ISSN 1470-3947 (print) | ISSN 1479-6848 (online)

Endocrine Abstracts (2015) 37 EP443 | DOI: 10.1530/endoabs.37.EP443

Impact on quality of life in peoples with painful diabetic peripheral neuropathy

Chong Hwa Kim1, Su Jin Jeong1, Ji Oh Mok2, Ki Young Lee3 & Sung Rae Kim4


1Division of Endocrinology and Metabolism, Department of Internal Medicine, Sejong General Hospital, Bucheon, Republic of Korea; 2Division of Endocrinology and Metabolism, Department of Internal Medicine, Soon Chun Hyang University Bucheon Hospital, Bucheon, Republic of Korea; 3Division of Endocrinology and Metabolism, Department of Internal Medicine, Gacheon University Gil Hospital, Incheon, Republic of Korea; 4Division of Endocrinology and Metabolism, Department of Internal Medicine, Bucheon St. Mary’s Hospital, The Catholic University of Korea, Bucheon, Republic of Korea.


Objective: This study was performed to determine the impact on quality of life and sleep impairment of painful diabetic peripheral neuropathy (PDPN).

Research design and method: The study pool consisted of 200 randomly selected peoples with type 2 diabetic peripheral neuropathy. PDPN was diagnosed using visual analogue scales (VAS) and medical history. The patients were asked to answer the Brief Pain Inventory-Short Form (BPI-SF), Medical Outcomes Study Sleep (MOS-Sleep) Scale, EuroQol (EQ-5D), and VAS and estimate the quality of life in people with diabetic peripheral neuropathy.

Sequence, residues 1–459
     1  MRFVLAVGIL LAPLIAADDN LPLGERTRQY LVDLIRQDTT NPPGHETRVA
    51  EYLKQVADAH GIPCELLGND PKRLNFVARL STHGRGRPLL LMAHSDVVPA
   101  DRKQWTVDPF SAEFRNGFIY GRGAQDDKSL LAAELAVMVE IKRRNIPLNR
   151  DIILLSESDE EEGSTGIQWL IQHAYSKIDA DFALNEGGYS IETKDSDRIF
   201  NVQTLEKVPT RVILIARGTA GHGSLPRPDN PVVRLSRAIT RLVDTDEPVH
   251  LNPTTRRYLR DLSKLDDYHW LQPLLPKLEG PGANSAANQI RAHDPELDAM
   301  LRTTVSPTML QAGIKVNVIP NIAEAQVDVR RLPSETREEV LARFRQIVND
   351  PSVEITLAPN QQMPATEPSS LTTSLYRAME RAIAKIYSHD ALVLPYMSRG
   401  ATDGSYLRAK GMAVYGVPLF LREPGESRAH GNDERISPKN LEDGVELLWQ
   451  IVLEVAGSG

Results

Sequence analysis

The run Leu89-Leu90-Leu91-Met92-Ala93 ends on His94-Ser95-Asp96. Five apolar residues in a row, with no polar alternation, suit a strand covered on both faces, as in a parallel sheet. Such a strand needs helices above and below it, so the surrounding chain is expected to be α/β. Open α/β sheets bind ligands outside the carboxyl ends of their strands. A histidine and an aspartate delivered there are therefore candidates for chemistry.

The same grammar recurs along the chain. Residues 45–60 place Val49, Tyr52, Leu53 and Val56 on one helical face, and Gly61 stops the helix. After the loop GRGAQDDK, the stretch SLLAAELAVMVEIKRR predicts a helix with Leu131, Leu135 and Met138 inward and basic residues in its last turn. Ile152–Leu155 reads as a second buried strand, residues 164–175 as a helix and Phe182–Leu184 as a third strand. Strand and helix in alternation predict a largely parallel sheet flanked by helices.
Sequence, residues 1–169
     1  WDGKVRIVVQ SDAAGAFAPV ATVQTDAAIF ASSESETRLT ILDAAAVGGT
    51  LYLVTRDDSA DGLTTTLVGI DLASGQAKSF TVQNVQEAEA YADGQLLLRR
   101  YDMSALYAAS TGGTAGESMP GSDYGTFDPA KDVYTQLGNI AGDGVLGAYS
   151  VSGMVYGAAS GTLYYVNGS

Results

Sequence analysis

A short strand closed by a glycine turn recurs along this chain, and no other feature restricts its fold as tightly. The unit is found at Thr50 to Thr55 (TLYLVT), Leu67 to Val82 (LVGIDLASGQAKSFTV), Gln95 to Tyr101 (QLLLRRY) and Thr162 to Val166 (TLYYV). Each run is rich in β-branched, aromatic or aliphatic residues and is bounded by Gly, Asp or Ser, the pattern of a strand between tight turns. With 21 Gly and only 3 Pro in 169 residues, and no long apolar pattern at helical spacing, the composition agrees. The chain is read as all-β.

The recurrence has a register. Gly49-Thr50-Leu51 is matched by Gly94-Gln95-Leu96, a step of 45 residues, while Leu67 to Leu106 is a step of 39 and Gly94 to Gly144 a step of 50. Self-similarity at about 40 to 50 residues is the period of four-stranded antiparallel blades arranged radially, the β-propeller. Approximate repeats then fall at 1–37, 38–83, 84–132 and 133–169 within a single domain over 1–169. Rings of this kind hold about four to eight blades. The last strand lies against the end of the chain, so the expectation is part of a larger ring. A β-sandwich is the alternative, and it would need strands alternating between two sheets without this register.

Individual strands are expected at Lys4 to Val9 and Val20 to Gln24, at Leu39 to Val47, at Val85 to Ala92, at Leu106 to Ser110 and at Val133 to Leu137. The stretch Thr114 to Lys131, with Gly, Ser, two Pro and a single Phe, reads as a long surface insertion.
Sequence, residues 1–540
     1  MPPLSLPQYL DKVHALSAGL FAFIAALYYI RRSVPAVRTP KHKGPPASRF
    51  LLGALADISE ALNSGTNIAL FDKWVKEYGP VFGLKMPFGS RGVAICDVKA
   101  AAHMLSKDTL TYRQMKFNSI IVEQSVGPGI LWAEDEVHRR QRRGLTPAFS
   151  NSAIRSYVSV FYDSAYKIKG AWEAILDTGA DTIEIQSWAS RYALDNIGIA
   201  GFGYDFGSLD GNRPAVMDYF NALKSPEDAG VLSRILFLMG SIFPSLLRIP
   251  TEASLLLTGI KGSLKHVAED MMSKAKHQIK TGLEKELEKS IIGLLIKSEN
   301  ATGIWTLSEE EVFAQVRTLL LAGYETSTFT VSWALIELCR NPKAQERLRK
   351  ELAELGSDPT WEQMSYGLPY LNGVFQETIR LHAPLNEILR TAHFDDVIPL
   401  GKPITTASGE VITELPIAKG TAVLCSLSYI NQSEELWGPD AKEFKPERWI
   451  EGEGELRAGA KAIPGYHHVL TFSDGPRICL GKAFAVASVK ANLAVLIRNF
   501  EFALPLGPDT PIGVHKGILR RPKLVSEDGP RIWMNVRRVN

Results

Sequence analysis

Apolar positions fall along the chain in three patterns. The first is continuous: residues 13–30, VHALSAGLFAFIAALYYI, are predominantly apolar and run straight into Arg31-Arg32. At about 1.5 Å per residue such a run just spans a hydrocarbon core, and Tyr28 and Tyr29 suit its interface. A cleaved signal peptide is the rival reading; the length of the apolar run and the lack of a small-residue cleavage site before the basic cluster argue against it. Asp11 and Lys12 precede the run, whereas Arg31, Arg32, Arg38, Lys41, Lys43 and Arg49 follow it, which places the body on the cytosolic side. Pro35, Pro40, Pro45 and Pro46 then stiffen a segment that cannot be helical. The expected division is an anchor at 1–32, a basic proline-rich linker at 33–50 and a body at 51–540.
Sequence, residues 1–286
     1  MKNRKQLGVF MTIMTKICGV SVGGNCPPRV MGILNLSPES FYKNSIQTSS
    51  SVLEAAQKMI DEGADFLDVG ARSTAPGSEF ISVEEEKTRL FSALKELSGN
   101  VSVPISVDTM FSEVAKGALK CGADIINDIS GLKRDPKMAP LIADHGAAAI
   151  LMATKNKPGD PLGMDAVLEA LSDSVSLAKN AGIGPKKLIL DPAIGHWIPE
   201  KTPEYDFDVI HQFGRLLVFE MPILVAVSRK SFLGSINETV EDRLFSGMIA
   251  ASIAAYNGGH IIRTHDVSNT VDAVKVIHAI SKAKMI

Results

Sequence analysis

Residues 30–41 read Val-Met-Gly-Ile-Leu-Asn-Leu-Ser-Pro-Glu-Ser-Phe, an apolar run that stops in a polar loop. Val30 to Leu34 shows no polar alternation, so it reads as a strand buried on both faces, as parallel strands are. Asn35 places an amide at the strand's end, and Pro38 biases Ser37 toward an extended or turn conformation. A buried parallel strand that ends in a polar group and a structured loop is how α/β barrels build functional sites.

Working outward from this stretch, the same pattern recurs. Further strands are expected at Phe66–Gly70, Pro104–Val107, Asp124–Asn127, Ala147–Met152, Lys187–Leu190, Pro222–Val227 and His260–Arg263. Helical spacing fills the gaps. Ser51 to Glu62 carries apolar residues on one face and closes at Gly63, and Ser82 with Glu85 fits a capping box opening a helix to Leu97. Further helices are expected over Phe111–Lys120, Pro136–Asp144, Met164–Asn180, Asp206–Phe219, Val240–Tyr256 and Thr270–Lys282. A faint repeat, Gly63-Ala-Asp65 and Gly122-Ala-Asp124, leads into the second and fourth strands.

Results: Among the patients with diabetic peripheral neuropathy (n=200), 82 (41%) were diagnosed with PDPN. PDPN was independently associated with age, fasting plasma glucose, hypertension, dyslipidaemia, and previous cerebrovascular events. All pain severity and interference measures were higher in patients with PDPN than those in patients with painless DPN and patients with PDPN reported more impaired sleep and lower EQ-5D and VAS scores. 200 patients had DPN and Pain Severity Index and pain interference items such as general activity, mood, walking, normal work, relationship, sleep, and enjoyment of life in BPI–DPN were higher in patients with painful DPN compared to those in patients with painless DPN. MOS 6 items-sleep adequacy, respiratory problem during sleep, sleep initiation problem, sleep maintenance problem, and somnolence-sleep scale were lower in patient with painful DPN than painless DPN. EQ-5D index were lower in patients with painful DPN compared to those in patients with painless DPN.

Conclusions: Patients with painful DPN have greater discomfort during daily activities and sleep, and reduced QoL compared to patients with painless DPN. This study provides on the extent of the impact of pain on QoL in patients with painful DPN and physicians should carefully consider pain symptoms in patients with diabetic peripheral neuropathy.

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